MOYO, Uganda – On our last day in Moyo the Amy For Africa mission team visited two places that were polar opposites – the Moyo Hospital and the Moyo Babies Home.

Our first stop was at the Moyo Hospital but don’t be misled by the word hospital. It looked more like a good place to go if you want to get sick is how team member Rob VanHoose put it. It was a dirty, dark place with holes in the tin roof where the blue sky could be easily seen. That means when it rains, you get wet on the inside. The hallways were dark and dingy.

Windows were broken, there’s a lack of medicines and the medical equipment is outdated. They are using dentist chairs from the 1970s and rudimentary tools for dentistry that looked like something from a horror movie. This entire hospital is a completely nonsterile environment. The X-ray machines don’t work and the blood work must be sent to Jinja to be completed. This is far from anything we know as a hospital in the United States.

As we took the tour, Rob Barber videoed room to room and I was snapping photographs. Trying doing that in any U.S. hospital. It’s an almost hopeless place. I cannot imagine that being my only option if a loved one was sick.

The medicine cupboards are practically empty since being restocked by AFA and United Christian Expedition last September. They don’t receive much help from the government or other agencies in and around Moyo. It may be one of the worst hospitals in the world yet they saw 85,000 patients in 2013. That’s an average of more than 230 a day, seven days a week. The frustration can be seen on the faces of the nurses, too, bless their hearts.

Dr. Maggie Lawentmann, one of our 12 mission trip members, was aghast at what she saw. So were the other nurses – Kathy Whitely, Amy Blankenbeckley and Chris and Amy Compston.

“I wouldn’t know where to begin,” Kathy said.

“It’s awful,” said Dr. Maggie. “Just awful.”

We saw hundreds in the waiting room with sick children and the children’s ward was full of sad cases, including one little boy who was in traction from being run over by a mophead, or botabota as they call it. We prayed with one mom and dad looking over their child who looked desperate for help. His temperature was high and he was lethargic.

The hospital officials gave us a tour of the building and it was truly depressing that this is where these people in the Moyo district have to go for help when they are ill. It is a government-run facility that was built in 1971, commissioned in 1978 and then ravaged during war in the early 1980s. Not much has been done since then as the building has fallen into disrepair. I’m not sure how they keep the doors open.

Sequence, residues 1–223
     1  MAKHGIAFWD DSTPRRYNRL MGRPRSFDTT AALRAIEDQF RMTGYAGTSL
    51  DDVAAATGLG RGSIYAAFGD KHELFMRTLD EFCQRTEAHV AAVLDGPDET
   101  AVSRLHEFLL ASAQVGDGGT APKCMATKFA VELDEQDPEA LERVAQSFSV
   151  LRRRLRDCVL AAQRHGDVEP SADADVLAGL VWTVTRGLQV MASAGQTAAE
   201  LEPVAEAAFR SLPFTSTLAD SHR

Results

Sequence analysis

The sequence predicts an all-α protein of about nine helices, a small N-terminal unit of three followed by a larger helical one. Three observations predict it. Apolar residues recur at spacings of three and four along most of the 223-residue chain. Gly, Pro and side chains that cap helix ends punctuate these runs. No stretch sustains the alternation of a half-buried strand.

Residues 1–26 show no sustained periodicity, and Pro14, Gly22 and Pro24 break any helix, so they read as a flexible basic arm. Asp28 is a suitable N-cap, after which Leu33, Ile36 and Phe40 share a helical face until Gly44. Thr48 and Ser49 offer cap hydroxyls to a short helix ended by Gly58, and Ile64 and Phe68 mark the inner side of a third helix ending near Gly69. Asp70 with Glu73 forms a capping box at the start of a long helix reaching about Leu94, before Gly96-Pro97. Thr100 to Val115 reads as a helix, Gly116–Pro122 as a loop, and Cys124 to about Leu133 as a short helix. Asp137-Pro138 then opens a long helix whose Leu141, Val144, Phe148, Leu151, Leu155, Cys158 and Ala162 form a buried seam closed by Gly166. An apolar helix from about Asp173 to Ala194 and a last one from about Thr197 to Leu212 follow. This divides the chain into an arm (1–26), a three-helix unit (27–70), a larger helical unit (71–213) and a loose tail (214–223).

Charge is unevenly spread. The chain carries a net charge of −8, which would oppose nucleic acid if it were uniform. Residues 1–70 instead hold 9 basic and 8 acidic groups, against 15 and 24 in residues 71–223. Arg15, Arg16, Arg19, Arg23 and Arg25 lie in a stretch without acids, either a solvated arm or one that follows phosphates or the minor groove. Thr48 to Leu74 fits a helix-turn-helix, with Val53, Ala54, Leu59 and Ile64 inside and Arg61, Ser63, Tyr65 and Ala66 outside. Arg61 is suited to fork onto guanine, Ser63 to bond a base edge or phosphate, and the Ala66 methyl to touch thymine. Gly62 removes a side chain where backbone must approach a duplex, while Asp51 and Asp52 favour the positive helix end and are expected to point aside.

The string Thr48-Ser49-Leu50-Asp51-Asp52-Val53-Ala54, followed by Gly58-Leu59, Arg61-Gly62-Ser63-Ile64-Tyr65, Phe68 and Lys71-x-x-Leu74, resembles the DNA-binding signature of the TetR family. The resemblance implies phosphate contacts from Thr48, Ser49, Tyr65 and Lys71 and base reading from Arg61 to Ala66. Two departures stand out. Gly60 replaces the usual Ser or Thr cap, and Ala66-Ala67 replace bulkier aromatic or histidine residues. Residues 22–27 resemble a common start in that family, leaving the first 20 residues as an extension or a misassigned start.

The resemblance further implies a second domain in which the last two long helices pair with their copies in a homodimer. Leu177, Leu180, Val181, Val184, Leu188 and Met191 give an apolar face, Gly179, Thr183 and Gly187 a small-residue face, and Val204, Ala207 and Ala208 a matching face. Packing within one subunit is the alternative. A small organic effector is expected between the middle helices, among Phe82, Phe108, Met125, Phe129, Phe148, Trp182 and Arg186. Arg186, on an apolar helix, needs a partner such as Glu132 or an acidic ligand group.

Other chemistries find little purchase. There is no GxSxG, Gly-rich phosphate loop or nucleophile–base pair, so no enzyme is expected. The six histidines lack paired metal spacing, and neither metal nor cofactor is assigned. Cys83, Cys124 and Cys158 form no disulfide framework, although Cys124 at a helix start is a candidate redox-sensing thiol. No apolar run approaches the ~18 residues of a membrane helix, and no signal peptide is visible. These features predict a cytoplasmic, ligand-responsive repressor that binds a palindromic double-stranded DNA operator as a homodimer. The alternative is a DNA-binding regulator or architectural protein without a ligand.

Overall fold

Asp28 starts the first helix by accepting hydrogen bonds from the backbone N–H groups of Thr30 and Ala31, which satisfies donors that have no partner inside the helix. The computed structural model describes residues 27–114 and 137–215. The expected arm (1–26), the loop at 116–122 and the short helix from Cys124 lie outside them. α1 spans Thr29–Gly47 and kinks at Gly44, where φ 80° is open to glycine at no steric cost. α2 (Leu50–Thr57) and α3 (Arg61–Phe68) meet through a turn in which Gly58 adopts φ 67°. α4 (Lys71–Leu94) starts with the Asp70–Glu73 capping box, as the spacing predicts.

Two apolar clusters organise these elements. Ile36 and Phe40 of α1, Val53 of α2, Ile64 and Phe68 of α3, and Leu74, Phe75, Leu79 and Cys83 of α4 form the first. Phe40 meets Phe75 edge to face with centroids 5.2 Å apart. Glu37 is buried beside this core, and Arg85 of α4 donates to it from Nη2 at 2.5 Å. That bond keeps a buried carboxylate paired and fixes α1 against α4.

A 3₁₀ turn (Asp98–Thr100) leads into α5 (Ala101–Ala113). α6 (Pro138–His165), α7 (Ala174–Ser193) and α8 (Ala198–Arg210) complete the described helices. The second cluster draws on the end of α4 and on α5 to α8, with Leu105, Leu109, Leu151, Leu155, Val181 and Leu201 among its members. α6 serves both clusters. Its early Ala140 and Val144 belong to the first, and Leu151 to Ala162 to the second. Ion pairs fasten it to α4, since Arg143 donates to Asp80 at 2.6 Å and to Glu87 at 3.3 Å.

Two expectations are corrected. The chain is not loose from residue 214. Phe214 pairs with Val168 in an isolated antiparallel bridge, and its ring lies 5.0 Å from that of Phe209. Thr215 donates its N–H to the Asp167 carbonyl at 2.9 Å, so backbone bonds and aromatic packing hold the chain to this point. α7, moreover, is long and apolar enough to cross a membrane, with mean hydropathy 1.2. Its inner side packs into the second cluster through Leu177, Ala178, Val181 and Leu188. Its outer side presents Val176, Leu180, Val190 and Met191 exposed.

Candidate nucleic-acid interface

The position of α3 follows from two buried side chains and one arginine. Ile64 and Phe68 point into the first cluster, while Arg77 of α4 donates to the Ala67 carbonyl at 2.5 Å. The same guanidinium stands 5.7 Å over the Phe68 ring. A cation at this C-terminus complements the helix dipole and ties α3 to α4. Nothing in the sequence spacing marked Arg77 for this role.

AFA supplies medicine for 43 medical clinics in the rural areas of Moyo but there are no doctors. However, those living in these areas may be 20 or 30 miles from coming to a hospital that, frankly, cannot help them much anyway.

Hospitals in our area – or anywhere in the United States – could give the Moyo hospital a boost with donations of  medical equipment they are no longer using or is outdated. Anything would be better than the 45-year-old equipment that the one doctor on staff and nurses have to work with. We felt sorry for them along with the patients.

We left on a high note when we visited the Moyo Babies Home for the fourth time on the trip. This simply has to be one of the happiest places in Moyo. The Catholic nuns who run the orphanage are so full of love and the babies just want to show you their love. Our group smiled the longest and the biggest when we were at the Moyo Babies Home. These babies got deep into our hearts.

As we pulled out of the driveway at Brother Floyd Paris’s compound we left with much appreciation for what God has given us and shown us in the last dozen days. We left resolved to do what we can for the Ma’di people and to come back again.

The needs are many in the Moyo district but make no mistake the past two weeks showed them they have hope and are not forgotten by their friends in the United States.